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Publication #SS-AGR-328

Mile-A-Minute (Mikania micrantha): A New Weed in South Florida1

Brent Sellers and Stephen Enloe2

A new weed was reported in late 2009 near Homestead, FL (Figure 1). After several consultations and DNA analysis, it was determined that the plant is Mikania micrantha, also known by common names mile-a-minute (WWSA Composite List of Weeds, January 2010), Chinese creeper, climping hempweed, and bittervine.

General Description

Mile-a-minute is a highly branched perennial vine. Leaves are opposite and heart-shaped (Figure 2), 2–5 inches long and 1–3 inches wide, and taper to an acute point. In Florida, it likely flowers in November and December, with seed set occurring primarily in December. Seeds are tufted (Figure 3), making them well-equipped for wind dispersal.

Figure 1. 

Mile-a-minute is a new introduction that has been found in 130 locations in the Redlands area near Homestead, Florida. It is an aggressive vine that can grow over and smother desirable vegetation and nursery crops.


Keith Bradley

[Click thumbnail to enlarge.]

How Do I Identify Mile-A-Minute?

Identification of mile-a-minute is complicated because two very similar species are present in Florida. Climbing hempweed (Mikania scandens) looks very similar to Chinese creeper, but there are some differences. Mile-a-minute tends to grow in disturbed habitats, whereas climbing hempweed favors natural habitats. Mile-a-minute has very rapid growth compared to climbing hempweed, and has pale green or yellow-green leaves with green petioles and white flowers, whereas climbing hempweed has medium-green leaves with reddish petioles and pinkish flowers. The other similar species, Florida Keys hempvine (Mikania cordifolia), has hairy leaves and stems and larger flower heads compared to mile-a-minute and climbing hempweed.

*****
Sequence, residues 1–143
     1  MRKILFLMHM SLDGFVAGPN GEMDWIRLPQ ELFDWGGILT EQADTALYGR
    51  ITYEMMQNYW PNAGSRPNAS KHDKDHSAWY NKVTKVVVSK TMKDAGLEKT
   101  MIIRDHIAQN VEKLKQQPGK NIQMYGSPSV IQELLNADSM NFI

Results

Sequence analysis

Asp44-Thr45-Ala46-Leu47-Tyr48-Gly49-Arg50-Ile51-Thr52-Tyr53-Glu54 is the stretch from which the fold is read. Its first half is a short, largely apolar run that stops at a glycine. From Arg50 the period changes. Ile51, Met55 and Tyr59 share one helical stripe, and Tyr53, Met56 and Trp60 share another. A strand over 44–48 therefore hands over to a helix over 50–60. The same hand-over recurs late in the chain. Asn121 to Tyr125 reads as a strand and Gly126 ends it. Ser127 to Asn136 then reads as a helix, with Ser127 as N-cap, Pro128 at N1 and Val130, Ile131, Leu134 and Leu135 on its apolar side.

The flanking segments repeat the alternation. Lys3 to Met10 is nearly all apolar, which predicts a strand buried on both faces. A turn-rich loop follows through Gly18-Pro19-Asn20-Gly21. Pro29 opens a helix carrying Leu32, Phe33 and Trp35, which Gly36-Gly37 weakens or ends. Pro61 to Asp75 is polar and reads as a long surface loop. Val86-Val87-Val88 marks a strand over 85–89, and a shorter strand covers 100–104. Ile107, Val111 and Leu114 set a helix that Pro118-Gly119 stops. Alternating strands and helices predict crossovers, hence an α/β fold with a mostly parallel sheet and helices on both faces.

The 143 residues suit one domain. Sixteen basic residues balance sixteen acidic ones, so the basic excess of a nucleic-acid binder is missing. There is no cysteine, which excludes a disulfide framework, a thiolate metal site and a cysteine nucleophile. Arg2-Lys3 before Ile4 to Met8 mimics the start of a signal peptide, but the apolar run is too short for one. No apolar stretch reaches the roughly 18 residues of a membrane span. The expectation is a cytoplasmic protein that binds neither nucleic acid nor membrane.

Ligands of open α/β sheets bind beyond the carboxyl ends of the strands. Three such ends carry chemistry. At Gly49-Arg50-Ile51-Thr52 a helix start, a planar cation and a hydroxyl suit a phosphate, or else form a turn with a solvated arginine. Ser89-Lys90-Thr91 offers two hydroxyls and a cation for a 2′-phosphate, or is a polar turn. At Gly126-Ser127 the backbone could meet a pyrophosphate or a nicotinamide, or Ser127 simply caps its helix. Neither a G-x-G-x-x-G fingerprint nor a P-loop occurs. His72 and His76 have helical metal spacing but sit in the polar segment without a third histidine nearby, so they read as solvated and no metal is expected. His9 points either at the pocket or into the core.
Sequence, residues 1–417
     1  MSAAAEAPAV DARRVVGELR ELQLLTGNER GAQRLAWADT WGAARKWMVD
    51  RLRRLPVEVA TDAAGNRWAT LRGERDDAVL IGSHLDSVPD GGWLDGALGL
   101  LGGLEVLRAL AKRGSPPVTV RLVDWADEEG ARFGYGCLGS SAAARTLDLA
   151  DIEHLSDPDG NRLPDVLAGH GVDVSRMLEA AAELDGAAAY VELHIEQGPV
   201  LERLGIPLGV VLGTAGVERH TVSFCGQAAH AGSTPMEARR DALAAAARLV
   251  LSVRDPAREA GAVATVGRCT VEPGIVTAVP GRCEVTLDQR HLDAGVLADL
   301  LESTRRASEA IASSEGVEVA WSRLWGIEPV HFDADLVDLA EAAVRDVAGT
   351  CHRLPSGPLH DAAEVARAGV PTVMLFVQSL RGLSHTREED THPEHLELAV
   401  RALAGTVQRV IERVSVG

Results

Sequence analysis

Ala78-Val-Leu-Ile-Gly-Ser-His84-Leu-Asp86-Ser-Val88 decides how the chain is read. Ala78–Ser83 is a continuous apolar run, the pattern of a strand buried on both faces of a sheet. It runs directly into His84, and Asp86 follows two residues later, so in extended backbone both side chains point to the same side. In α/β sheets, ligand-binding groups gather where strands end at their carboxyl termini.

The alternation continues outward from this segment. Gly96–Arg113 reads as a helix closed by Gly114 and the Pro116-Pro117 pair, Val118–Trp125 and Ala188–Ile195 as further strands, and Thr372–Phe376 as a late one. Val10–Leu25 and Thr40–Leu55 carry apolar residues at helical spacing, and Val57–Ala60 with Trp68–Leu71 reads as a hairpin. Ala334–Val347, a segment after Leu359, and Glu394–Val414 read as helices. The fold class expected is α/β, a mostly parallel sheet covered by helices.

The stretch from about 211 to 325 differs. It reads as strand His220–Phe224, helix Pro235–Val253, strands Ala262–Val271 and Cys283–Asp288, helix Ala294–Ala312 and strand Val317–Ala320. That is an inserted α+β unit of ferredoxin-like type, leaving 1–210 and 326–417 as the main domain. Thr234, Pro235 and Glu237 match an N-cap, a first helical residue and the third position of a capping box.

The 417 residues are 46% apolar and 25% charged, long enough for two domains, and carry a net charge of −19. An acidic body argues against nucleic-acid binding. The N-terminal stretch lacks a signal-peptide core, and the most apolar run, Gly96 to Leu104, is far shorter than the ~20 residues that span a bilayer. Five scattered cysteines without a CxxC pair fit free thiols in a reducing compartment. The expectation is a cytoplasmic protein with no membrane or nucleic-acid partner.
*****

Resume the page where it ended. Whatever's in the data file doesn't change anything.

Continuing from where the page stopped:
Figure 2. 

Mile-a-minute is a highly branched perennial vine. Leaves are opposite and heart-shaped, 2–5 inches long and 1–3 inches wide, and taper to an acute point. In Florida, flowering typically occurs in November and December, but flowering through January may be common.


Keith Bradley

[Click thumbnail to enlarge.]

Figure 3. 

Mile-a-minute seeds are wind-dispersed. Each plant is capable of producing more than 10,000 seeds, but germination is thought to be approximately 10%–12%.


Andrew Derkson

[Click thumbnail to enlarge.]

What Is Its Habitat?

Wet areas, forest borders, clearings, canal banks, rivers, roadsides, pastures, and other agricultural areas. Mile-a-minute generally invades disturbed areas. This plant does not typically grow well in heavily shaded areas.

Is It a Problem?

Simply speaking, yes. Mile-a-minute is a major environmental and agricultural threat. Currently, it is recognized globally as a top 100 invasive species. It is a significant pest in plantation crops and commercial forests in West Africa and India and throughout Southeast Asia and the Pacific Islands. It produces tens of thousands of fine, wind-blown seeds that disperse easily over vast areas. It also reproduces asexually and can regenerate from small cuttings.